After attempting some additional voice therapy and training, Beeman met again with her new ENT in December. “But this time he thought he actually saw a paresis, which is (when) one vocal fold is paralyzed. And once again my checklist is just running, going, ‘But I haven’t done anything (to cause a paresis).’” They decided to continue another three months with the current plan to see if there would be any improvement.
When Beeman went into her March appointment, she told her ENT and the head SLP at Greenville Health System ENT, “Something in my body is telling me I can sing. I can’t explain it to you, but my body wants to sing, but something is keeping me from singing, and I need to know what it is. I refuse to believe that it cannot be fixed.” The ENT referred her to his mentor, Dr. Thomas Cleveland, in Nashville, Tennessee, at the Bill Wilkerson Voice Clinic.
A Recovered Hope
Dr. Cleveland asked Beeman about her entire history, going back further than the initial onset of this incidence of pain. “We talked through the whole thing up to that point,” said Beeman. Then, they went to strobe Beeman’s vocal folds.
“He’s got a computer screen right there where I can see the whole thing. … And I kid you not, I had never seen a more beautiful pair of vocal folds,” Beeman said.
Beeman and Dr. Cleveland went back to the exam room, with Beeman’s mind a whirl of questions. When they arrived, the doctor asked Beeman to sing.
“It was terrible,” said Beeman. “When I say it was terrible, my voice by this time was very gruff, very rough, very wobbly. I had no control over the vibrato. I couldn’t sing above a D5. It was painful to me, and it just hurt.”
Dr. Cleveland did some adjusting and massaging of Beeman’s throat, then asked her to sing again, asking if it felt different. It did. “And he literally just grinned at me,” Beeman said.
The doctor diagnosed Beeman with — not a paresis, not nodules, not reflux — stress-induced muscle tension dysphonia.
When Beeman graduated with her master’s degree from BJU in 2006, she went to Chicago to begin a career in performance. Then, she took a job teaching at a college in Wisconsin which resulted in what Dr. Cleveland believed was a traumatic turning point in Beeman’s career and vocal health. She went on to doctoral school at Ball State, then took a job in Colorado, where she was mistreated for her faith. When she joined the faculty at BJU in 2016 and began with a larger load, “it was just the straw that broke the camel’s back,” she said.
Dr. Cleveland believed Beeman’s injury went back to 2009–2010. “I’m an introvert, so I internalize everything.” Beeman explained, “What actually happened, (wasn’t in the vocal folds), it was all of these muscles in my back and shoulders that just took over, and that’s why I had so much pain.”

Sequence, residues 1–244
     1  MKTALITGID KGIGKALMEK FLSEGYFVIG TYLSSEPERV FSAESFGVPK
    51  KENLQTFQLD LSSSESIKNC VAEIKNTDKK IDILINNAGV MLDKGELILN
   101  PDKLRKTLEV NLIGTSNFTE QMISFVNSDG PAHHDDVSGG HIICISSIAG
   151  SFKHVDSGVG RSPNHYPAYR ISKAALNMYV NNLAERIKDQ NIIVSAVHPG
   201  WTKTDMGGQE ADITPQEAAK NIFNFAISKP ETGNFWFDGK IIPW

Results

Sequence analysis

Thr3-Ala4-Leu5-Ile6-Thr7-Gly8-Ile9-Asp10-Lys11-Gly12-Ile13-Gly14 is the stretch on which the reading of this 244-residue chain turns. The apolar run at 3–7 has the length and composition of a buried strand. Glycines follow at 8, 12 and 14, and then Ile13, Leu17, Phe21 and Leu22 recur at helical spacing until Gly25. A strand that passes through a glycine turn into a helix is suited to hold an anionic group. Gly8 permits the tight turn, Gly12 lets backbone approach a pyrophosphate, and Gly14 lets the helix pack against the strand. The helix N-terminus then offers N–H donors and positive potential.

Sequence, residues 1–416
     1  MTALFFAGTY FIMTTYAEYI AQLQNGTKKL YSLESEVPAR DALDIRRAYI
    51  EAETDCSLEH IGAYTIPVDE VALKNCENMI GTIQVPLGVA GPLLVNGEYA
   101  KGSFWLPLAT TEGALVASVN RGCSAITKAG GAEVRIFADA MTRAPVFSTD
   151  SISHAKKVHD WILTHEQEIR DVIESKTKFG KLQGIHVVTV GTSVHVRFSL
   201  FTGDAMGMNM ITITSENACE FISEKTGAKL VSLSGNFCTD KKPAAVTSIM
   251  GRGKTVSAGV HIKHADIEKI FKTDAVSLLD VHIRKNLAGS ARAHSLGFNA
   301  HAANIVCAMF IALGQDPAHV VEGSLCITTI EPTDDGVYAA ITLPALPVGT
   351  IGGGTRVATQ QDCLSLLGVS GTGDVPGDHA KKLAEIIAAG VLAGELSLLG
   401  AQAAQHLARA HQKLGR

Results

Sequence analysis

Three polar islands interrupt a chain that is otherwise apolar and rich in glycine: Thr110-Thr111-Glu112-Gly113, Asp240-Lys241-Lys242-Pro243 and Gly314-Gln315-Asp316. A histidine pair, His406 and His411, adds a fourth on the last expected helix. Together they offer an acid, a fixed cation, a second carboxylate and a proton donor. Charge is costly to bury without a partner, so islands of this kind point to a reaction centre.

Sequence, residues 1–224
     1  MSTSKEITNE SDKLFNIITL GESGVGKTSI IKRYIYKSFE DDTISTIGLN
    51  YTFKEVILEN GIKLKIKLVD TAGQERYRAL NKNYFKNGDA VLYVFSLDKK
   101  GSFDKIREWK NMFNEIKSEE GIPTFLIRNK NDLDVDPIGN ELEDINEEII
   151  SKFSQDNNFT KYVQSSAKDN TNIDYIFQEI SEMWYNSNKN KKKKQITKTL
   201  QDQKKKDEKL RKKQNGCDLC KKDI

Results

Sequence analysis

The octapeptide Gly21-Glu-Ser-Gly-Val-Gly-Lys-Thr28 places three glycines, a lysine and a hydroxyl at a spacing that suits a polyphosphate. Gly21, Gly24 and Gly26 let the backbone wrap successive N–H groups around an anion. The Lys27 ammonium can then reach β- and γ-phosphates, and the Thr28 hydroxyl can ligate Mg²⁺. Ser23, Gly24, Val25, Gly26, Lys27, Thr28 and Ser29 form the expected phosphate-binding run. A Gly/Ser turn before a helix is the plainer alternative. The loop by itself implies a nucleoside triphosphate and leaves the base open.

The Road Back
Beeman came back to Greenville armed with exercises and on the hunt for new therapists. “I was in therapy three times a week,” she said. “It was a very specific kind of therapy — physical therapy, manual therapy and Myofascial Release therapy.”
After completing therapy, Beeman still had some pain and vocal fatigue. At the recommendation of her Christian Speech-Language Pathologist, she contacted her pastor for counseling and a local voice teacher to retrain her voice.
“We met for a first lesson in November of 2018, and I explained everything to him,” Beeman said. “So, he had me sing and said, ‘I want you to do this. I want you to actually not think about singing, just do it.’ I was really scared because he was asking me to basically use my voice more. Well, I hadn’t done that in two years. So, I did it, and somehow, he got me up to a very high D6. I had not sung that in a year and a half.”
In the early spring of this year, Beeman asked her teacher about doing a recital. His answer: “Yeah! You just need to sing!” Though now in her third year of physical therapy, Beeman’s first full recital since her injury will be at 7 p.m. on Saturday, Sept. 26 in War Memorial Chapel.
“The way that I like to describe what happened to me,” said Beeman, “it’s like going through a grieving process. It’s like a part of me died. And having to mourn those things and work through it but being thankful to God that I came out on the other side because I think He wanted me to. He had a purpose for me, and I truly believe I’m a better teacher and a better person.
“God had things for me to learn, and I think I’m still learning. I don’t think this whole thing is done. It doesn’t feel done yet. It’s been a journey, but I still have so much more to learn. And I think those of us that can now relate to the chronic pain, the loss, the identity crisis — it changes you. Significantly.”
Dr. Beeman and Dr. Lorri Turcios, pianist, collaborate for “Finding My Way Back through French Song.” Student, faculty and staff tickets are available.